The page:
Every 25 min bloc, I make a line, eventually creating a box. So every Box on my chart is 4x 25min blocs (or 4 Pomodoros, I guess).
So what does this chart say: first off, I start off really late. 10:30 AM! I tend to wake up really slow, and do other things like run, eat too much breakfast, and dick around on the net.
Second, my peak productive hours are between 10:30AM-5PM, as I was actually increasing my rate of productivity (I started off taking 4x Pomodoros per piece, or two hours, but then as I worked, I cut it down to 3x, and even 2x right before dinner.)
Thirdly, right after my peak productive hours, I get distracted. Hence the one interruption, then failing to complete a Box and going straight to dinner. My productivity drops as well (I’m back to 4x Pomodoros per piece).
And this is just one day’s worth of data! I can compare this to other days to see if my assumptions really are patterns, AND most importantly, if I’m making progress.
The biggest thing for me though is the 25 minutes of uninterrupted work time. I got that timer above to solidify that as opposed to using a digital timer— I found that the tactile sensation of setting it and hearing it tick makes my brain go into “OK it’s work time” mode much easier. Make this time sacred: hide your phone, close your browser, pick music/podcasts ahead of time, gather all your supplies around you. Physically minimize your distractions when possible.
As far as time per day goes, I consider myself a full-time illustrator, so I put in at least a full days worth of work: 8 hours minimum. But as noted above, it’s not uncommon to put in 12. I think it is important to have designated START and STOP time though, just to help put boundaries on your life. Too much work is unhealthy. Health, family, and friends always come before work in my book.
Hope this helps! I think everyone probably has their own ways of doing things, but this is really working for me lately.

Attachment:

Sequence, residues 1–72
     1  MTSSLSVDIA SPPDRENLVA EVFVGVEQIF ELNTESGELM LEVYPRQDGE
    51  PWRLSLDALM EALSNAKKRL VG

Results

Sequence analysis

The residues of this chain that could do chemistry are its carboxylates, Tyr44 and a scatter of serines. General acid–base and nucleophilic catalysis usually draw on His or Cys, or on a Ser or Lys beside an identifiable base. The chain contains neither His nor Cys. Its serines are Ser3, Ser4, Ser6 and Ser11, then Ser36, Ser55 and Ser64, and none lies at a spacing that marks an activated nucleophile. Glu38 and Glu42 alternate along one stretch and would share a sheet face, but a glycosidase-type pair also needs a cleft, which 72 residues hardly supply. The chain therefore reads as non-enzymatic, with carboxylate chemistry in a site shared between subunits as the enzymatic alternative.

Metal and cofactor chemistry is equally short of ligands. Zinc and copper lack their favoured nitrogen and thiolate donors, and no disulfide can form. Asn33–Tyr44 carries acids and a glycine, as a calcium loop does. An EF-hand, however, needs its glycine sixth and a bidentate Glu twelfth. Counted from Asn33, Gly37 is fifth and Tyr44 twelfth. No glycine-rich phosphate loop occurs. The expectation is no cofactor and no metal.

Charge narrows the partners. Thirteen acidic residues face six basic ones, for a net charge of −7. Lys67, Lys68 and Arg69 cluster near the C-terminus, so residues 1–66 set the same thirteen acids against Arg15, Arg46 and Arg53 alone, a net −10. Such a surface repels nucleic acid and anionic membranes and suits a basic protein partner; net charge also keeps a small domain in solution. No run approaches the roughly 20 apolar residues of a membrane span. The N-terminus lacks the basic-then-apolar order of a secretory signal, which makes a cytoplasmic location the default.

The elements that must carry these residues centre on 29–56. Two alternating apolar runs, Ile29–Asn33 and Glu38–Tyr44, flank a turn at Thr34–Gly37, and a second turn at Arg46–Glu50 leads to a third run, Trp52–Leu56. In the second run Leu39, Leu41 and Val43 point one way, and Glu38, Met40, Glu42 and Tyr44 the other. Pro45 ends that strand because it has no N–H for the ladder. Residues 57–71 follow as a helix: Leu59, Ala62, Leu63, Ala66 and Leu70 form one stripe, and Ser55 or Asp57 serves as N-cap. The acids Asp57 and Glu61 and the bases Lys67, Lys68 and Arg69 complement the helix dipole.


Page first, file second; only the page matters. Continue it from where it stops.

I probably need a system like this so I concentrate my efforts on work instead of getting distracted. I’d add to this: set 1~3 goals before starting so I know what I need to accomplish (or attempt to accomplish) by the end of the day.
In Capitol Hill cafeterias, even lunch is partisan -
"This small story about a group of Capitol Hill vegetarians trying to get better options in the place that they go to work every day is evidence of everything that is wrong with Washington," says reporter Marin Cogan. "It became a big, theatrical, partisan fight and it didn’t need to be."
Pure Geniuses Have Created A Milk Shot In A Cookie Glass -
Dominique Ansel Bakery is making a limited batch of chocolate-chip cookies shaped like shot glasses and filling them with organic milk.
UPDATED 3/15/14: I found this article about the Milk and Cookie Shot going on sale at Dominique Ansel Bakery in NYC.
The Culinary History You Missed In '12 Years A Slave' | African American Cooks | Sylvia Wong Lewis -
The Morris-Jumel Mansion illuminates the nearly lost history of Northern black cooks’ cuisine as “12 Years a Slave” builds interest in Anne Northup.
The Austin 100: A SXSW 2014 Mix -
For 30 days starting March 3, download or stream 100 handpicked songs by artists worth discovering at this year’s SXSW Music Festival.